It's been nearly a year since the federal government responded to the will of the American people and retired its decades-old bans on responsible offshore energy exploration. Unfortunately, one year later, it seems as though that long overdue response was merely a gesture. In fact, not only are we no closer to tapping those "newly available" offshore areas, but the areas with the greatest potential off Alaska's coast, which were available last year, are now off the table until such time as Interior Secretary Ken Salazar sees fit to complete a court-ordered "sensitivity" analysis of information his department already has. Meanwhile, as Secretary Salazar continues to slow walk a plan to finally allow Americans to access the vast offshore energy supplies the government's held hostage for nearly 30 years, House Natural Resources Committee Chairman Nick Rahall is holding hearings this week on sweeping legislation designed to add a few more hefty layers of bureaucratic red tape to the federal leasing process, and ultimately make it even more difficult and more expensive to put Americans to work producing American energy on what little land the government offers for lease both on and off our shores.
But what's most troubling about this misguided proposal -- besides the fact that it will make American energy more expensive and less available at a time when Americans are demanding more, affordable energy -- is that it's based on flawed intelligence. The basis for the "use it or lose it" portion of the bill, for instance, is that energy companies have been "sitting on 68 million acres" (while paying millions of dollars in rent for those acres) in order to keep prices high. And that 68 million acres, according to a widely cited report produced by Chairman Rahall's staff last year in response to Americans' calls to end the government's self-imposed offshore energy embargo, "could produce an additional 4.8 million barrels of oil and 44.7 billion cubic feet of natural gas each day." The Institute for Energy Research thoroughly debunked that manufactured canard, as did the Interior Department and the American Association of Petroleum Geologists, so this time it's being sold under the guise of "efficiency" and "accountability."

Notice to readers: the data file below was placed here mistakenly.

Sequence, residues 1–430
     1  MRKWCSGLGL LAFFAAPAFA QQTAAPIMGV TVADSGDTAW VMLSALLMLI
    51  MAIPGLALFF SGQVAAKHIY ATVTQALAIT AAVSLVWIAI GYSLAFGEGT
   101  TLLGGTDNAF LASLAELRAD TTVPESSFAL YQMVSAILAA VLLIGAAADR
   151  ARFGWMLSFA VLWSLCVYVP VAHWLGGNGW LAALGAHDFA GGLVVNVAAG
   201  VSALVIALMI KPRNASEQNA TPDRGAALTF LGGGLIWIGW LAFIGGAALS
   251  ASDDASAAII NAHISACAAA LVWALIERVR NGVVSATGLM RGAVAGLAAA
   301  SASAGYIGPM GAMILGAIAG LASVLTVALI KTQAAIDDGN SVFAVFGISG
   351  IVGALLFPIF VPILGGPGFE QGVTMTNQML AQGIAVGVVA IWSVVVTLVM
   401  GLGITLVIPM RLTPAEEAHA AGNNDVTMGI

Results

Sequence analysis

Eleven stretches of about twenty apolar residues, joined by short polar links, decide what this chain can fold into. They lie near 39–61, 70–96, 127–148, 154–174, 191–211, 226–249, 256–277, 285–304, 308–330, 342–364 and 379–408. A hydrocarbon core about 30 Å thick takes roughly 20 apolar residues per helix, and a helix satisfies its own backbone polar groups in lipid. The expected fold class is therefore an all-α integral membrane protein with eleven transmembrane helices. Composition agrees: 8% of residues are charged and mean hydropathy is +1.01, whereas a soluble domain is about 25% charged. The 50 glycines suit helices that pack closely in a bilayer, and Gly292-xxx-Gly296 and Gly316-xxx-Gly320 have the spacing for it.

Specifically, Chairman Rahall's bill would create a new, duplicative and unnecessary government leasing agency and add more red tape to already lengthy federal leasing process, while cutting in half the length of time a company has to wade through the process -- and the protests and litigation anti-energy groups file each step of the way -- to get to a point where they can "diligently develop" the lease. The trouble here is two-fold. For starters, the Chairman seems to be contradicting himself as he voted for legislation in 1992 that increased the lease period from 5 years to the current 10 years. And it certainly hasn't gotten any easier to develop energy on federal lands in a timely manner. In fact, according to data from the Bureau of Land Managemen (BLM), protests filed by anti-energy groups at various stages of the leasing process have increased from an average of 167 per year from 1997-2000 to 1,180 per year from 2001-2007 -- a 706% increase.
And in July 2008, when the BLM held a quarterly lease sale involving 78 parcels, 100% of the tracts that were bid on received protests. Every one of them. Unfortunately, the Chairman's legislation does nothing to hold these groups "accountable" for their "efficiency" in delaying any progress toward the diligent development of federal leases.
But perhaps the most striking premise behind this legislation -- and the multiple actions the Administration has already taken to restrict and reduce energy development on taxpayer-owned lands -- is that the Bush Administration was too "cozy" with "big oil" and offered up an inordinate amount of federal lands for energy exploration. The rarely reported truth, however, is that the Bush administration offered far fewer acres for lease than did the Clinton Administration. President Bush also made offshore energy development drastically more expensive and less likely by increasing the royalty rate on offshore energy leases by 50%, an increase Chairman Rahall's legislation would apply to onshore oil and gas leases. So if Chairman Rahall and Secretary Salazar truly want to correct President Bush's energy failures, they ought to reconsider their efforts to double down on the actions he took to make domestic energy scarce and more expensive.
But if the goal is to ratchet down the amount of energy we produce here at home and further increase our dependence on imported energy, this big-government, no energy legislation will do wonders to further that agenda.
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